Intentional Iron Overdose: An Institutional Review

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Abstract

Objective

To document the frequency of admissions and the outcome of patients with a diagnosis of intentional iron overdose to a large urban hospital.

Design

Retrospective review of hospital records.

Setting

Health Sciences Centre, Winnipeg, an 1100-bed primary and tertiary care centre serving a regional population of about 1.2 million.

Patients

All patients with a discharge diagnosis of iron overdose who were admitted from Jan. 1, 1979, to July 1, 1991. Of these 113 cases 66 (58%) represented an intentional iron overdose on the basis of information derived from the patient, family or friends.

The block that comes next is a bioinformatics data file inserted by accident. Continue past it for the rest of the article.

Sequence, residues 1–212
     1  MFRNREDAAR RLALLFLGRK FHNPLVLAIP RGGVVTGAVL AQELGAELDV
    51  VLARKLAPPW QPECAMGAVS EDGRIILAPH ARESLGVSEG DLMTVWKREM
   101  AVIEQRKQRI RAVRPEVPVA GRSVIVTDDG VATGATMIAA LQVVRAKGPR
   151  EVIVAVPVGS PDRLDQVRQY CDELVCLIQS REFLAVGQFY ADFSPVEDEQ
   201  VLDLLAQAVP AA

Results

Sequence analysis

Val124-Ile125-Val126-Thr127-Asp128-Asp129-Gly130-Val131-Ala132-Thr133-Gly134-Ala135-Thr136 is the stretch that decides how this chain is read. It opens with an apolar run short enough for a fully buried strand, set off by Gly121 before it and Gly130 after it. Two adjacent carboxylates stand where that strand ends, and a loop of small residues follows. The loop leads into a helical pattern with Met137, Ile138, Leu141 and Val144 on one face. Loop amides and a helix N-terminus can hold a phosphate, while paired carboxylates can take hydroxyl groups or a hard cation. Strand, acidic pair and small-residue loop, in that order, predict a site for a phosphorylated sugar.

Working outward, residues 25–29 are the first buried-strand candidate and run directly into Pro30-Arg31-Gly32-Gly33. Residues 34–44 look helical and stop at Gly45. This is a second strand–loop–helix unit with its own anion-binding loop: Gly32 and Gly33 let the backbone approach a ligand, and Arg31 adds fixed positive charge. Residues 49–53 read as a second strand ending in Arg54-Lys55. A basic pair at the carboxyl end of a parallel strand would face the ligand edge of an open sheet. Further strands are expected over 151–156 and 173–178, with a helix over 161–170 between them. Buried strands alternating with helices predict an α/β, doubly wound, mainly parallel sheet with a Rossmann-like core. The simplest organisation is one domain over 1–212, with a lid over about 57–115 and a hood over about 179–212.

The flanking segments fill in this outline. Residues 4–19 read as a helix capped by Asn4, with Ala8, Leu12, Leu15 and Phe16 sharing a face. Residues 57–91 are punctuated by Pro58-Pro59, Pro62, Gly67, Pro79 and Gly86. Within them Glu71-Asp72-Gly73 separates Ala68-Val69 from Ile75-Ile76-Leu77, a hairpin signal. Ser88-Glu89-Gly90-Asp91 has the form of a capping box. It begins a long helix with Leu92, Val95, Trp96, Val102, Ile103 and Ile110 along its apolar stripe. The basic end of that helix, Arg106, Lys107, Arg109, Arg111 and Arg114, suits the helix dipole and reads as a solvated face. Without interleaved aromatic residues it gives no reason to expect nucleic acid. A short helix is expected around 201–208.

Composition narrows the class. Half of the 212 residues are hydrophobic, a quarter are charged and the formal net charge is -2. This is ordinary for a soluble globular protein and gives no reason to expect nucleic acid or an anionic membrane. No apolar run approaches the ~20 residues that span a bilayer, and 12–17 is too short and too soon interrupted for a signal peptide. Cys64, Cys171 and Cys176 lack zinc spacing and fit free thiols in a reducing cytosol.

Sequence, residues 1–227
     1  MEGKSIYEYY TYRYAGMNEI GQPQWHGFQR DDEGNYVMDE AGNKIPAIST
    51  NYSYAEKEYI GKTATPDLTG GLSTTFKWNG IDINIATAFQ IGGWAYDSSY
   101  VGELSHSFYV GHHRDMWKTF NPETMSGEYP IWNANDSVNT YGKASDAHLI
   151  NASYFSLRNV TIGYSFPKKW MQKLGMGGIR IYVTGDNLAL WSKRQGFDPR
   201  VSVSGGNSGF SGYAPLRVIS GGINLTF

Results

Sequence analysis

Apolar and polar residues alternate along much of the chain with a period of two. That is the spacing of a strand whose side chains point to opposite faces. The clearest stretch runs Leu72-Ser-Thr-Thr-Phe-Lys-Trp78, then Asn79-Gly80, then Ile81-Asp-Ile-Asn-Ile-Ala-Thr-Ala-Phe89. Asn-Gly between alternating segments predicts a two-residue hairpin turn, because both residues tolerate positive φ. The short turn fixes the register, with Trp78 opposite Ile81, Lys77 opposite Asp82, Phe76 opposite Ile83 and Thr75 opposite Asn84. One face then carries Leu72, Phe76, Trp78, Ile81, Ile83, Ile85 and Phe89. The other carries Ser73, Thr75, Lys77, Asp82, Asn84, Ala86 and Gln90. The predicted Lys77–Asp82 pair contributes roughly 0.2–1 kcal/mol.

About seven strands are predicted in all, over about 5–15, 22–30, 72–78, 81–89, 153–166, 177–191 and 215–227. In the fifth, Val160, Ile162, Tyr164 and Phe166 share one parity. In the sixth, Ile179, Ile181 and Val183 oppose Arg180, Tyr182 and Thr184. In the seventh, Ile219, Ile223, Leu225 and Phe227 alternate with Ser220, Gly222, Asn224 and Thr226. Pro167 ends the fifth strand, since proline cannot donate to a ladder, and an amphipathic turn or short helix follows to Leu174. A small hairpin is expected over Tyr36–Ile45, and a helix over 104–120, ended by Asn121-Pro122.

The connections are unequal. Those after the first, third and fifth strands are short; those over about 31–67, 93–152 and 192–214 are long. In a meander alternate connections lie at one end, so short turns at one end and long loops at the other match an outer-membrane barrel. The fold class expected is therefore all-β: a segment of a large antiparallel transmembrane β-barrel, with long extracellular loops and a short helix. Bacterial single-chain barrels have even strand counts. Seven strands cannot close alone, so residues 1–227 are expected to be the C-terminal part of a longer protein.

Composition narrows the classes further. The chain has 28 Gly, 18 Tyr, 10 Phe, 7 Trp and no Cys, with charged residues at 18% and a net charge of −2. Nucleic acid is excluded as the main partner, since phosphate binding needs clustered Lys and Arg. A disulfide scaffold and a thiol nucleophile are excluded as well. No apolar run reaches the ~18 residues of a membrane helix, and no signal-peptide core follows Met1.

Main outcome measures

Frequency of admissions, length of hospital stay and survival rate.

Results

Most (53 (80%)) of the 66 patients were females. The mean age was 19.8 (standard deviation (SD) 6.1) years (range 9 to 48 years). One third of the cases were associated with excess alcohol intake. The frequency of hospital admissions increased during the study period (1.4 cases per year in the first 5 years and 9.8 cases per year in the last 5; 5.3 cases per year overall). The mean length of hospital stay was 6.8 (SD 12.1) days, and the mortality rate was 10%.

Conclusions

Hospital admissions because of intentional iron overdose are becoming more frequent in this centre and are associated with appreciable morbidity and mortality rates. Prospective studies are required to delineate clearly the signs, symptoms and abnormal laboratory findings associated with this problem.

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